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D-Day, 80 years on

The following was originally an article on my old Blog, to acknowledge the passing of 70 years since this eventful day. Now we are on at 80 years after this historic event in human history. I often wonder if we learn anything from the past when we see war in Europe once more.

 

 

June 6th, 1944 – The D-Day Landings

 

Operation Neptune

 

Was the code name given to the naval group’s task on this momentous day in 1944.



The protection of NEPTUNE from enemy counter action was essential to the success of the operation. Allied forces were most vulnerable to enemy counter action when they were embarked and at sea. Some 6,900 allied vessels, carrying approximately nine army divisions with full combat equipment, were at sea at one time. These ships were formed into around 75 convoys and groups, passing along narrow coastal lanes, moving across the channel through the narrow mine-swept channels of the allotted areas for the convoys or crowded into the congested confines of the assault area.

 

Had the enemy not been deterred by a comprehensive program of defence capability in the form of escort ships and of course command of the air, this enormous armada would have presented to enemy air and naval forces a very profitable target.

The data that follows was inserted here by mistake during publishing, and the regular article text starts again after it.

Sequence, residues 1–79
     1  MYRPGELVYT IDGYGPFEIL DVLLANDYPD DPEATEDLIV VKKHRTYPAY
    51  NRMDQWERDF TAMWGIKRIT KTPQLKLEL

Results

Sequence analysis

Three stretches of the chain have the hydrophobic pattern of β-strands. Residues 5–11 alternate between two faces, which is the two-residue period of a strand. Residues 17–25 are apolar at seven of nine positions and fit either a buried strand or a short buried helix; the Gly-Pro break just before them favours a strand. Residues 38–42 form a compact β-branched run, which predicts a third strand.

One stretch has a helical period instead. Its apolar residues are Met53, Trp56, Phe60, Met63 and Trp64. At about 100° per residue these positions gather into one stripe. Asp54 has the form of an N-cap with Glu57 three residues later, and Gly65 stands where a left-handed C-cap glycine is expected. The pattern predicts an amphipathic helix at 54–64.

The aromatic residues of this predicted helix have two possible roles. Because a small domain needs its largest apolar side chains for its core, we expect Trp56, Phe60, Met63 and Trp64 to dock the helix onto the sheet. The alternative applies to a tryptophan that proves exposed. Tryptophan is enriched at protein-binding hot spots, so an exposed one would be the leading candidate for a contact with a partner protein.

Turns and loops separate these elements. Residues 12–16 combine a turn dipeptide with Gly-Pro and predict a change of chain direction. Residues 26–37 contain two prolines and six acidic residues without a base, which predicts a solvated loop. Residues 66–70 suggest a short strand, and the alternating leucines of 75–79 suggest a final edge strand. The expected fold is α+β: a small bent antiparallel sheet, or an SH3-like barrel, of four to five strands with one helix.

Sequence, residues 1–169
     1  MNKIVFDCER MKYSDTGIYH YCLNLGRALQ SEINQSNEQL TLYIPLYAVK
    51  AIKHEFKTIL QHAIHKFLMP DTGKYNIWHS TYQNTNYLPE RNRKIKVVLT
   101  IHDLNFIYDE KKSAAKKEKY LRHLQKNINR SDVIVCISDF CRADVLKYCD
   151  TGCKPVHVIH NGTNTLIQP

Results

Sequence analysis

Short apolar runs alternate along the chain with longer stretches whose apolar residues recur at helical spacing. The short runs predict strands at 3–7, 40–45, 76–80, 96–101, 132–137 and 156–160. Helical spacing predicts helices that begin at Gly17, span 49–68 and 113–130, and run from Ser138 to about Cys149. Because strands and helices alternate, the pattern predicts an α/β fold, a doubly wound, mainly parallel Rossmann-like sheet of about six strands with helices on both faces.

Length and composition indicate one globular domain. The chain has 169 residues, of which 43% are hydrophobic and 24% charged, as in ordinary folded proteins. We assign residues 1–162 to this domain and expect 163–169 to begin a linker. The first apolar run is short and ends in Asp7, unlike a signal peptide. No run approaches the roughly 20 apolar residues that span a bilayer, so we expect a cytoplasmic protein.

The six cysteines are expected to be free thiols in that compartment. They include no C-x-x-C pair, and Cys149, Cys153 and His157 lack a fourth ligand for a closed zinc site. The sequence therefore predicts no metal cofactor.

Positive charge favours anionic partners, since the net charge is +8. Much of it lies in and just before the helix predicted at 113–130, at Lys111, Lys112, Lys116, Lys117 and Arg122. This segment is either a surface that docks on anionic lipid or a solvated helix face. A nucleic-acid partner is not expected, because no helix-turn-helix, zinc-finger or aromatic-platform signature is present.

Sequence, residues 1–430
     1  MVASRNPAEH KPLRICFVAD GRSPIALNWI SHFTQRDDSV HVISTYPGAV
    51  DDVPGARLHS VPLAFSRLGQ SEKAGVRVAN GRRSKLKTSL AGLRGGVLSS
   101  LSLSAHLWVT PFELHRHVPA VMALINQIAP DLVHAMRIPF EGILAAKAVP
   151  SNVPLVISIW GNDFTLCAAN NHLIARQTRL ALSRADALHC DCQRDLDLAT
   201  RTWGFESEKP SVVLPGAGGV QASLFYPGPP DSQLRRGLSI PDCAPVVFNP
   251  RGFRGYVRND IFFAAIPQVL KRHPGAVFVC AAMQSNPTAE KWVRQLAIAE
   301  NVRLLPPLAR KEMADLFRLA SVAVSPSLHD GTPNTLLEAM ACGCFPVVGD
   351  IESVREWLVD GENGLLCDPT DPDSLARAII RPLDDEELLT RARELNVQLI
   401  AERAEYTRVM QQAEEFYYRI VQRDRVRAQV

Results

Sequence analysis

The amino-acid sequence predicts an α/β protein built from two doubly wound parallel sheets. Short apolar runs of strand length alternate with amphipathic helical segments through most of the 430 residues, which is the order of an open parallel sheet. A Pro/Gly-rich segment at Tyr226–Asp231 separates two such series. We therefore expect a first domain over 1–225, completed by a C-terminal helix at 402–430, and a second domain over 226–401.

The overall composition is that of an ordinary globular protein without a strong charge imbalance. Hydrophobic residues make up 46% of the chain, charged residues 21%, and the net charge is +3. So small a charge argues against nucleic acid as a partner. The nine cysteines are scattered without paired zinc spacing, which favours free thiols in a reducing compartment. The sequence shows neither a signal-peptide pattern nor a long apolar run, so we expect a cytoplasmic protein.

The largest assembly of Ships and amphibious forces ever seen were to retake Europe from the clutches of the Nazi.

Of course, along with the many ships involved, it was inevitable that some of them had been built at Leith in the Shipyards of Henry Robb Ltd.

 

You can read about the part played by the Bustler Class Rescue Tugs in my book by the same name available at all good book shops or on Amazon.




They then had to storm the beaches, let’s not forget the many thousands of airborne forces in action on this day and onwards.

 

Operation Overlord

 

Operation Overlord, the Allied codename for the invasion of Normandy, involved more than 150,000 men and 6,939 ships.  It consisted of American, British, Canadian, Polish, and Free French Armies under command of General Eisenhower, the Supreme Commander of the Allied Expeditionary Force (the choice of Eisenhower was officially made by President Roosevelt in December 1943 and agreed upon by the British).

 

The Deputy Supreme Commander of the invasion was British Air Chief Marshal Arthur W. Tedder, who had been the commander of the Allied Air Forces in the Mediterranean.  While British Admiral Bertram H. Ramsay, was appointed naval commander.  He had conducted the evacuation at Dunkirk and planned the Torch landing in North Africa.  British Air Chief Marshal Trafford L. Leigh-Mallory was appointed as commander of the air forces.

 

Bernard Montgomery was chosen as the ground forces' commander.



The rest as they say is History, we must never forget the cost paid by so many for the freedom we now enjoy.


You will be able to read all about the part played in this momentous undertaking by the ships built at Leith. All the ships will be featured in a new book title (Working) Leith Shipyards at War.

This book should be ready late 2025.

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